And so I looked up.
|The ever-staring eyes|
|There is no escape from the |
|Playing cards on my porch|
|'The most wonderful thing|
in the world...'
The children here love bubbles - they will happily spend hours chasing after them. I’ve never heard search a mass of delighted high-pitched squeals and giggles. The older boys, however, have found their love in football. I bought a ball in Soroti so that they could play, and at first I happily joined in with the game. After all, they were only six and seven and eight. They were very good as well; when I wasn’t concentrating they could make a swift tackle and get the ball from me. I didn’t mind, and could only laugh.
And then some of the older boys joined (nine, ten, eleven, twelve). They, you could say, were just a little bit better. Indeed, they even got the upper hand of a fantastic football player like myself… at about every encounter, tackle and pass. For some strange and mysterious reason, I decided at that point that what the game needed most was a referee, and that I would be more than happy to take up that role. By the time the teenagers were involved, I had no chance. A depressing thought: nine year olds were considerably better than myself at the beautiful game…
I’m often given toddlers and babies to hold. I’m still not used to being passed one after they had been publicly breast-fed, but nevertheless, it is wonderful to be surrounded by all these beautiful children. I was given a toddler to hold yesterday. He was waddling about like a little penguin, excited by almost everything. On my lap, he poking me in the face (what is it with all the poking???), and making gurgling sounds.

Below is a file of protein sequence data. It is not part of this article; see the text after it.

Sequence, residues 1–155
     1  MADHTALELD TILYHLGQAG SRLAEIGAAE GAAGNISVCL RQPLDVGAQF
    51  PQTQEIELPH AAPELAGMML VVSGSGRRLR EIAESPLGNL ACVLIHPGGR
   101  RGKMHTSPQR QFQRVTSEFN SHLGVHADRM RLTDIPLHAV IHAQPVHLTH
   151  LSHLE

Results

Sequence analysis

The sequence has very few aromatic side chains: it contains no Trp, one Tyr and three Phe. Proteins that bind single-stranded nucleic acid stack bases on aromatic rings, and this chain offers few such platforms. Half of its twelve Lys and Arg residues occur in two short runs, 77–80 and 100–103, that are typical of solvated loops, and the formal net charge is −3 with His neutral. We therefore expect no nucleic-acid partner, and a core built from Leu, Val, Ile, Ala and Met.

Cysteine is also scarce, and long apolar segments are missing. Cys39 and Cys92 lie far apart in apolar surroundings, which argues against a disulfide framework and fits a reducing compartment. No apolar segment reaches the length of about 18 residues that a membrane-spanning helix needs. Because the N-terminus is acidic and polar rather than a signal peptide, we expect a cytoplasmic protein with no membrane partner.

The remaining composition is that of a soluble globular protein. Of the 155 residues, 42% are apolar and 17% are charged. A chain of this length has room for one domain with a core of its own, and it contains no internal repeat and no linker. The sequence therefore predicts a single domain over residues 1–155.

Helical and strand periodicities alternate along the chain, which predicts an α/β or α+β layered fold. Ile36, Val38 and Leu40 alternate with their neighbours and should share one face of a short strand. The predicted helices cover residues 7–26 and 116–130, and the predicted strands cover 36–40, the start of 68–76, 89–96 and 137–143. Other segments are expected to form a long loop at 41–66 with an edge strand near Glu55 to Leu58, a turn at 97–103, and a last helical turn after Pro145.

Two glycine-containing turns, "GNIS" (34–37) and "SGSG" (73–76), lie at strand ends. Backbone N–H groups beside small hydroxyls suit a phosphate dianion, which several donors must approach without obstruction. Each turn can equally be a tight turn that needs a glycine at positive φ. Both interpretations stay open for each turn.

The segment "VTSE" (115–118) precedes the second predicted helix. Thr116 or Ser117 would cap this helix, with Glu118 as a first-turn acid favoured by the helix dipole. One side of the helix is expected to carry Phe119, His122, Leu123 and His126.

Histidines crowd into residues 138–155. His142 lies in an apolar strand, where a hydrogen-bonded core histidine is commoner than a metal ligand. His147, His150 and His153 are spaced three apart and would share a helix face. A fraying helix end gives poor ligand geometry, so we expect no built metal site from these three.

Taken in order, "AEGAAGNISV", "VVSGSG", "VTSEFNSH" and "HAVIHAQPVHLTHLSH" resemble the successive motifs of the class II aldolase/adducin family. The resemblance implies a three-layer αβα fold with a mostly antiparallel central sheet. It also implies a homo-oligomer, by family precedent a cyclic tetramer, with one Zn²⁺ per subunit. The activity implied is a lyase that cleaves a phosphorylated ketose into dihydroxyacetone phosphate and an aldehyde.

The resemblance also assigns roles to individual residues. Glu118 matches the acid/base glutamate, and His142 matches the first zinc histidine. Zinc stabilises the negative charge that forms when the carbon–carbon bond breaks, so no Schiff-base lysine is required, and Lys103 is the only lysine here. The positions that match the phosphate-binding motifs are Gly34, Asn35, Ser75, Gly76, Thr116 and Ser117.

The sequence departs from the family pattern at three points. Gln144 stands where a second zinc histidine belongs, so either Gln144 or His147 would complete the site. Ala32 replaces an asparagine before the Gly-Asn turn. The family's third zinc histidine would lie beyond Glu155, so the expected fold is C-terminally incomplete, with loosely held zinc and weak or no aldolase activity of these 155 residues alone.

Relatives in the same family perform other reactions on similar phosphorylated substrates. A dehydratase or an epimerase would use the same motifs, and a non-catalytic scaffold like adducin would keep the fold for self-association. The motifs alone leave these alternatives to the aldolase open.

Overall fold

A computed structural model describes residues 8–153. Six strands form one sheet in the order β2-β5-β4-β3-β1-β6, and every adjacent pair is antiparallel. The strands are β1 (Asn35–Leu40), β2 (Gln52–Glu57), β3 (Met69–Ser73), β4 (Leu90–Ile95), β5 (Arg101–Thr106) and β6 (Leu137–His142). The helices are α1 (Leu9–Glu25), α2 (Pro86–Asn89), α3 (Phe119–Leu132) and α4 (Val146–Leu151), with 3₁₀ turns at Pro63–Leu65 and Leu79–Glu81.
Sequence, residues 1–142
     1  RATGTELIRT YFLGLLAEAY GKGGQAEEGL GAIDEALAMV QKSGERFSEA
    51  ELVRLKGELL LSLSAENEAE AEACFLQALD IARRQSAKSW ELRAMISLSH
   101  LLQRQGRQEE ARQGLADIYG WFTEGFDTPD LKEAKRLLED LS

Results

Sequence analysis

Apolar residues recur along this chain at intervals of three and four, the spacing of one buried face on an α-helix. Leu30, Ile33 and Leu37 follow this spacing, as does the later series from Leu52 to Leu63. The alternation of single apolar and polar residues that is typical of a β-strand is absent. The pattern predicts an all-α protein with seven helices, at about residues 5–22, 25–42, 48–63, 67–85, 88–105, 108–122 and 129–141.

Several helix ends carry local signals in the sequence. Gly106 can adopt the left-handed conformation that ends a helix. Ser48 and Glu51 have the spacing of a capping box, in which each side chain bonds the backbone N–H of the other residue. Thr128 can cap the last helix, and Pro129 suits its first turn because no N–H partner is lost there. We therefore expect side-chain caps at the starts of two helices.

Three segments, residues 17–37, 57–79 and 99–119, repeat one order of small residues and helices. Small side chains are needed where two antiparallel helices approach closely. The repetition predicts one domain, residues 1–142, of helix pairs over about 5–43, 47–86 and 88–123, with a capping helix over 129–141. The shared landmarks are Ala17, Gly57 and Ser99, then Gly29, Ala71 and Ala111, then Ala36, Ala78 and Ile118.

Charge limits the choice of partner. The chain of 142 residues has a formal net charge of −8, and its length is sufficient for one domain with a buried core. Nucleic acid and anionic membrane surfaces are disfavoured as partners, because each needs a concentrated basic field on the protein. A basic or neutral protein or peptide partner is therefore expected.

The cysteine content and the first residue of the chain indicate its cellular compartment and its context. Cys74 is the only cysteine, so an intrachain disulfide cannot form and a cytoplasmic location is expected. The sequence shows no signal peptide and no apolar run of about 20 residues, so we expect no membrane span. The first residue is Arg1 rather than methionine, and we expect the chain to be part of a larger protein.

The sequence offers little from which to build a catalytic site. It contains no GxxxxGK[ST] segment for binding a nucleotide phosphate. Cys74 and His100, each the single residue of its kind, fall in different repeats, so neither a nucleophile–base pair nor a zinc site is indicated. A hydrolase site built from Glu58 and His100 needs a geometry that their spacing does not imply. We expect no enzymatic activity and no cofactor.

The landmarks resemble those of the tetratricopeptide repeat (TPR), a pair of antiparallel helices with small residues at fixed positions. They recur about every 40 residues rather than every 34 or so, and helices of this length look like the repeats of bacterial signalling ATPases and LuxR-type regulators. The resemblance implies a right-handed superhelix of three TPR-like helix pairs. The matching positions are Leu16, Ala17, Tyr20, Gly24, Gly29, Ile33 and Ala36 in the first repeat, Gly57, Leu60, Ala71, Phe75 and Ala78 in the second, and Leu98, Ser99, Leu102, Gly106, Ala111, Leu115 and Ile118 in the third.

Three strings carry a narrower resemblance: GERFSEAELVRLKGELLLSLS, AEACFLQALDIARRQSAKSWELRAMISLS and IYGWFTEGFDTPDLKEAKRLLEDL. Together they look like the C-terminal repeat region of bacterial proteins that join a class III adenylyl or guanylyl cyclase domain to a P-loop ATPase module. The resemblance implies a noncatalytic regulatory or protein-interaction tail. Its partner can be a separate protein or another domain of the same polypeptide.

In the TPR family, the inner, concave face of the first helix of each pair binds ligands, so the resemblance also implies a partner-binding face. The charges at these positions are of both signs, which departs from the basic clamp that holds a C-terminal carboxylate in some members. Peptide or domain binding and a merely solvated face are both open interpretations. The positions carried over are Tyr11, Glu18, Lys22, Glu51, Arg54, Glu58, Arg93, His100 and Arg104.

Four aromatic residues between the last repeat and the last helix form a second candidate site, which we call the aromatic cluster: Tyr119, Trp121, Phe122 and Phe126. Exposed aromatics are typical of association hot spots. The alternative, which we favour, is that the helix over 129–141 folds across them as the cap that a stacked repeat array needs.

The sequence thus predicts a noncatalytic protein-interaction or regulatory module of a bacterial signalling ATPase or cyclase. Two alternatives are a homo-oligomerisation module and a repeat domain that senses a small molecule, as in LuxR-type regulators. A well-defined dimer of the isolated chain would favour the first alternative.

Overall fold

And then I realised that he had a growth protruding in his stomach about as big as both my fists put together.
And then, the other day, I was passed a newborn girl so utterly tiny, weak and fragile that I was suspicious that she would not last the month.
And then I hear of yet another burial of a child, this one of a four-year-old; on another occasion that of a newborn.
The infant mortality rate in Uganda is 62.47/1000 (in the UK it is 4.5/1000; in the USA 5.9/1000. Information from https://www.cia.gov/library/publications/the-world-factbook/rankorder/2091rank.html?countryName=Uganda&countryCode=ug®ionCode=afr&rank=27#ug). Whilst the annual number of births is 1,545000; the average mortality rate for those children under five is 131,000. (Compare that to the UK’s 761,000/5000, or the USA’s 4,322,000/32,000. Information from http://www.unicef.org/infobycountry/uganda_statistics.html).
There is a sickening feeling that overcomes me on occasions when I realise that many of the younger children I see and play with will not survive beyond their fifth birthday. It is something I cannot escape as I stay here: not a day has gone by since I have arrived in Uganda in which I haven’t heard of a bereaved parent, or a very ill child, or yet another child’s burial. There is a sombre sense of pathos to those bubbles.